About one-third of cancer patients eventually develop metastases of the disease to the spine, leading to reduction in mobility as the cancer progresses through the spinal space. Although such metastatic cases are often treated surgically, quality of life tradeoffs in operations for spinal metastases are not well understood. Operating on the spine can restore ambulatory status and reduce pain, but it also poses the risk of post-operative mortality. Currently, patients make their treatment decisions without conclusive data to influence their choice. Clinicians stand to benefit from clarifying the factors, which include ambulatory status, that drive treatment decision-making and influence treatment outcomes in this patient population.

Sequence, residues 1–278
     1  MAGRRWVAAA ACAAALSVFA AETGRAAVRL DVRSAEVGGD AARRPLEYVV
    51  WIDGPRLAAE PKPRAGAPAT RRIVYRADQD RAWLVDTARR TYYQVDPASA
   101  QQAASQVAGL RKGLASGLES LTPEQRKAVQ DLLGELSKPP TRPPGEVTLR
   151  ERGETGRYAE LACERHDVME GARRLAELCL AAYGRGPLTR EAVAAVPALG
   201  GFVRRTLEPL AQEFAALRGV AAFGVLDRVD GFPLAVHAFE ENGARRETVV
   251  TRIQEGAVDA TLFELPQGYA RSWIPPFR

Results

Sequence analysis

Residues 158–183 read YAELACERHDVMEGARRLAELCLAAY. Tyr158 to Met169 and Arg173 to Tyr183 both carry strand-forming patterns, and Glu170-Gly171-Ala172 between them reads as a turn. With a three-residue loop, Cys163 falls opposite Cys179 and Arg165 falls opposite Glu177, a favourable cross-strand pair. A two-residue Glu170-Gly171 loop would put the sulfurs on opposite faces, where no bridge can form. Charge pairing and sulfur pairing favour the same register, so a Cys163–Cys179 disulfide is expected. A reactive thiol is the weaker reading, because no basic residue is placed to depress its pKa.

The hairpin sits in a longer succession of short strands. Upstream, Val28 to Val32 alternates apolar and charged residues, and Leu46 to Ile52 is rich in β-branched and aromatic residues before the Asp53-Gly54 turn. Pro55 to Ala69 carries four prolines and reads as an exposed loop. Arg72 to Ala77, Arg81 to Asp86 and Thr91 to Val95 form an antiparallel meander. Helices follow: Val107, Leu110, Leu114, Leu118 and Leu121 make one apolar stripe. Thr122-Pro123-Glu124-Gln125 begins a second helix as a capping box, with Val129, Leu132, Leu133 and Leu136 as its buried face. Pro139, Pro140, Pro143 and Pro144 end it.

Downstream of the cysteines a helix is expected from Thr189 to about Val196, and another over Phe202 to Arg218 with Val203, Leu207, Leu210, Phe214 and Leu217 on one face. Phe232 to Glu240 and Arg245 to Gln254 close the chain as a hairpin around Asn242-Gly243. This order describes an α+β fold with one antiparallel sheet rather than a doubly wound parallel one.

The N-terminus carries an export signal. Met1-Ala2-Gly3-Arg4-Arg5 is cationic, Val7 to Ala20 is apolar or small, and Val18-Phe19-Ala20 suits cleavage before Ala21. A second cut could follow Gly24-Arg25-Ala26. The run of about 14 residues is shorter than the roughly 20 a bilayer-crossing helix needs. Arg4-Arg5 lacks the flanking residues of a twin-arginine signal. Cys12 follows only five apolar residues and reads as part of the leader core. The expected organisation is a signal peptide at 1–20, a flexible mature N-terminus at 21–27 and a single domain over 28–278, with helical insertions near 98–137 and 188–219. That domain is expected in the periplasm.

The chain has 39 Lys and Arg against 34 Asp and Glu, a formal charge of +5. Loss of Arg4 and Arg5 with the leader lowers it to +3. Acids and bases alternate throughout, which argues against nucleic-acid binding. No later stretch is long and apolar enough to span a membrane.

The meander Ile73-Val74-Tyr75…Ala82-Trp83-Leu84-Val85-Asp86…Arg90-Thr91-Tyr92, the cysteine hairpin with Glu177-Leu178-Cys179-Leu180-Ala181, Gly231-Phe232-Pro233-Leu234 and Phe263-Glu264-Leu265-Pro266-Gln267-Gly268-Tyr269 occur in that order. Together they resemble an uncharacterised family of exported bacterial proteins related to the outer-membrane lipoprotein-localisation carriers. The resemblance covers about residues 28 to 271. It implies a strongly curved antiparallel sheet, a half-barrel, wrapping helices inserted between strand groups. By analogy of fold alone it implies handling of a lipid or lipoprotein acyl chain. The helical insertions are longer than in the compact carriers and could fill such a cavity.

The STrIDeS (Spinal metastasis TReatment In DEtermining ambulatory Status) study examines independent ambulation in patients with spinal metastases. Analyses of medical record data from patients treated either operatively or non-operatively evaluate the factors associated with independent ambulation. A second, qualitative study investigates how patients engage in decision-making regarding treatment for spinal metastases and the role that valuation of different health states plays in this process.
The STrIDeS population includes individuals treated at either Brigham and Women’s or Massachusetts General Hospital.